Using Data Analytics to Detect Fraud


Using Data Analytics to Detect Fraud

The impact of fraud on companies is significant, with the Association of Certified Fraud Examiners‘ report revealing that businesses lose 5% of their revenue to fraud each year. Unfortunately, this trend is also on the rise in the Middle East, with 48% of companies in the region experiencing an increase in fraud in 2021 compared to previous years. To mitigate the financial and reputational risks associated with fraud, organizations must take proactive steps to detect and prevent fraud before it causes significant losses. Data analytics is a powerful tool that can help companies identify potential fraud patterns and anomalies in their data, allowing them to take timely action to prevent fraudulent activities from occurring. By leveraging advanced analytics techniques, such as machine learning and predictive modeling, organizations can gain a deeper understanding of their data and detect potential fraud in real time, reducing the risk of financial losses and reputational damage.

In this blog, you’ll find insights into how data analytics can help detect and reduce fraudulent activities in the early stages along with some examples of different fraud within organizations.

Intro to Fraud Definition and Types

According to the Committee of Sponsoring Organizations of the Treadway Commission (COSO), fraud is any intentional act or omission committed or planned to deceive others causing losses to the victim (organizations or individuals) and gaining for the fraudsters.

Fraud is a pervasive problem that involves the deliberate and intentional deception of others for personal gain. In many cases, fraud involves using unfair or illegal means to deprive individuals or organizations of their property, money, or other valuable assets. Despite the serious risks associated with fraud, many organizations remain vulnerable to these types of activities, particularly if they do not have robust internal controls and data analytics tools in place. Some common types of fraud include corruption, asset misappropriation, and financial statement fraud, among others. Let’s take some examples of each:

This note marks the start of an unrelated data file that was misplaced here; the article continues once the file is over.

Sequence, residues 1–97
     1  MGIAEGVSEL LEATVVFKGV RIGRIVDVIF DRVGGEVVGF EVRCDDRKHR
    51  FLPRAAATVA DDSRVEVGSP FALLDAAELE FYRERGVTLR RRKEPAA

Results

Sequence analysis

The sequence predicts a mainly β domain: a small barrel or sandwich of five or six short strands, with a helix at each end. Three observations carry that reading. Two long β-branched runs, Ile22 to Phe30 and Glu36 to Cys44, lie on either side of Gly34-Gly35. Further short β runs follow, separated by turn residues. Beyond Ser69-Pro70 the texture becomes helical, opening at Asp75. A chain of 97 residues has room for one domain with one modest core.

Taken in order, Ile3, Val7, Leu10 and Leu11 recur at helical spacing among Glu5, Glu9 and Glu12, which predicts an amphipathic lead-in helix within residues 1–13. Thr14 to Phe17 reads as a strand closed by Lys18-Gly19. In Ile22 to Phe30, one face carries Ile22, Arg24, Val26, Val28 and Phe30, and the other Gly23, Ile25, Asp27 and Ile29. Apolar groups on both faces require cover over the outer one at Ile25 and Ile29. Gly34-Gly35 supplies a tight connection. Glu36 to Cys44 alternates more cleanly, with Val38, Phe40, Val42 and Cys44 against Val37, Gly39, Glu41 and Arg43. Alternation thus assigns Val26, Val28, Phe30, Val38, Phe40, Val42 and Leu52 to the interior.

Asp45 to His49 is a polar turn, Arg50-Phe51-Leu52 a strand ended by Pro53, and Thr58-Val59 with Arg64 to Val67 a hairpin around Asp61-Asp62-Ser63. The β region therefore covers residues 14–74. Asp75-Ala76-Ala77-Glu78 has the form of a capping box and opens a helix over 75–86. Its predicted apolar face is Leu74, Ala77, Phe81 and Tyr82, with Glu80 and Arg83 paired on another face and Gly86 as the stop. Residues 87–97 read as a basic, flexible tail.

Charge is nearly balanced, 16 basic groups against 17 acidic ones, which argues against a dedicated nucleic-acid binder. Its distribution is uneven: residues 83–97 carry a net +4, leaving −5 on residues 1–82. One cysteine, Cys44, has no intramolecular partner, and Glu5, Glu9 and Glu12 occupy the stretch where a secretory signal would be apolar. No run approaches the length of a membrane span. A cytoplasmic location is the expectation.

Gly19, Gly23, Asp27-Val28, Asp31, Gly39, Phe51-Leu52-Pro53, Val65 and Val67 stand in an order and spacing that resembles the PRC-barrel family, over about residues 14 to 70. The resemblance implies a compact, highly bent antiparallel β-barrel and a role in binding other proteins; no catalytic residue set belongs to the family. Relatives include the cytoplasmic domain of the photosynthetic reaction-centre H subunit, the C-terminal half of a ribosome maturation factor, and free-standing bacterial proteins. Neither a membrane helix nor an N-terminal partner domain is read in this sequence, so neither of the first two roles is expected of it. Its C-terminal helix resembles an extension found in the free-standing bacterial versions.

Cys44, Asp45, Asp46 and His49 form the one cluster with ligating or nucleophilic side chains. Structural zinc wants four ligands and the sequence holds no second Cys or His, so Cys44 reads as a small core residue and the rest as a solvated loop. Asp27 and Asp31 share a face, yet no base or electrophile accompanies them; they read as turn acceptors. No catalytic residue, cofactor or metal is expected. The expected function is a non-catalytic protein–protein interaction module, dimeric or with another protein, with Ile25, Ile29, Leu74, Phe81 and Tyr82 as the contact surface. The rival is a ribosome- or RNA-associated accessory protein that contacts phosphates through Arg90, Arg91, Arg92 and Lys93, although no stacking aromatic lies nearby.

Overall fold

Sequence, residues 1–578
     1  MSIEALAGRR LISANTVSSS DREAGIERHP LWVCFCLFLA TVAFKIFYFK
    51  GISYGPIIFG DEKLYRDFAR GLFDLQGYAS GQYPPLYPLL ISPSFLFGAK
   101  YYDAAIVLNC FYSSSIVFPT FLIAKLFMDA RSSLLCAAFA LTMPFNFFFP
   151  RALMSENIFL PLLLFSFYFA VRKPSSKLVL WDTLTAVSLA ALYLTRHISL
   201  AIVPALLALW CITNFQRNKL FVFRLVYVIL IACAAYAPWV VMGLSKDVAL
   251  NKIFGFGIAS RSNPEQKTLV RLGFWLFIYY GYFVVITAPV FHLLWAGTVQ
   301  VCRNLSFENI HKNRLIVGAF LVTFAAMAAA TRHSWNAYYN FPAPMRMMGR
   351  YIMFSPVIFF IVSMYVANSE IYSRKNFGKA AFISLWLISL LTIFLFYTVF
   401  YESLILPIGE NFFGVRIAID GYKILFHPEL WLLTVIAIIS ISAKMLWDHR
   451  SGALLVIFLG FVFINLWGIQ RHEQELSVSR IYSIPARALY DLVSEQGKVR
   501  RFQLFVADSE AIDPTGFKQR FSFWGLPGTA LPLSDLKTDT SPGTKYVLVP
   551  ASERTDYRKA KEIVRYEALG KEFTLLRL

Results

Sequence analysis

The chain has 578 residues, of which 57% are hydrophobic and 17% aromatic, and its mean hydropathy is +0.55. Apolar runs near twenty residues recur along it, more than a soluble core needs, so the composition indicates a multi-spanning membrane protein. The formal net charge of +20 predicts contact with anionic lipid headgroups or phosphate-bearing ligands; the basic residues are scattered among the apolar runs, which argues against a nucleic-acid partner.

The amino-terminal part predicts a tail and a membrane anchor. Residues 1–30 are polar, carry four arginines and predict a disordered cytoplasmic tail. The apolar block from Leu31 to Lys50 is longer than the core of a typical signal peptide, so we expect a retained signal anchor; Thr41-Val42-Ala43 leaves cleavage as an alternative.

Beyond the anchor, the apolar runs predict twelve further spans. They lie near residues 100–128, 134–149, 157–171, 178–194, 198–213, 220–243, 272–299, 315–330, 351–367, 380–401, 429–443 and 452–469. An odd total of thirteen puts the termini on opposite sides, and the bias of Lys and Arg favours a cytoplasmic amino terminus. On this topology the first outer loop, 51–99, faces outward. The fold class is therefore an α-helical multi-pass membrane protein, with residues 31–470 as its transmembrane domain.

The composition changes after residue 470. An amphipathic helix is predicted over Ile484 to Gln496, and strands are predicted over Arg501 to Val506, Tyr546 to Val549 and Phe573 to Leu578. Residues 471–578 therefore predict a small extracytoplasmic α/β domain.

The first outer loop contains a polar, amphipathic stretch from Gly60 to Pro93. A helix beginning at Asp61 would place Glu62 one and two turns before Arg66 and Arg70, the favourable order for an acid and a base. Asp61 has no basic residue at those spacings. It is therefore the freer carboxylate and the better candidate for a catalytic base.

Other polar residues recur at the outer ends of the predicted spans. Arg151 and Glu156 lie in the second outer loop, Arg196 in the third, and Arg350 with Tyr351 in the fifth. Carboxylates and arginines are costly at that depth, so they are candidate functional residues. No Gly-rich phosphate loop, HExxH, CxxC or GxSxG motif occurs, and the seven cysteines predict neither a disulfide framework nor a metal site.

Corruption fraud: This type of fraud typically involves the abuse of power by an individual with authority to engage in fraudulent activities or exert undue influence over decision-making processes. This can include a wide range of deceptive practices, such as money laundering, bribery, conflicts of interest, and other forms of misconduct.

Asset misappropriation: Fraud of this type includes theft or misuse of company assets, including theft of cash, ghost employees, and false invoices.

Financial statement fraud: This type of fraud is conducted in two ways; net worth overstatements such as fictitious revenue, concealed liabilities, improper asset valuations, or net worth understatement, such as understated revenue, overstated liabilities, and improper asset valuations.

But What Are The Main Motivations for Fraudsters to Conduct This Dishonest Behavior?

Fraudsters engage in fraudulent activities for a variety of reasons, but they are generally motivated by one or more of the factors described in the fraud triangle: opportunity, pressure, and rationalization. These three elements interact to create an environment where fraud can occur:

• First, the fraudster finds an opportunity to conduct fraud due to weaknesses in internal control or vulnerable IT systems.

• Second, need or greed are two main incentives for conducting fraudulent activities, such as pressure to perform, too much work, debt burden, or lifestyle needs.

• And the last point here is making the idea of fraud seem like a rational activity or what is called “rationalization”. Fraudsters in this case justify their behavior as being a response to not getting paid enough or that everyone else is doing it and nobody will notice the money.

Ways to Detect and Reduce Fraud with Data Analytics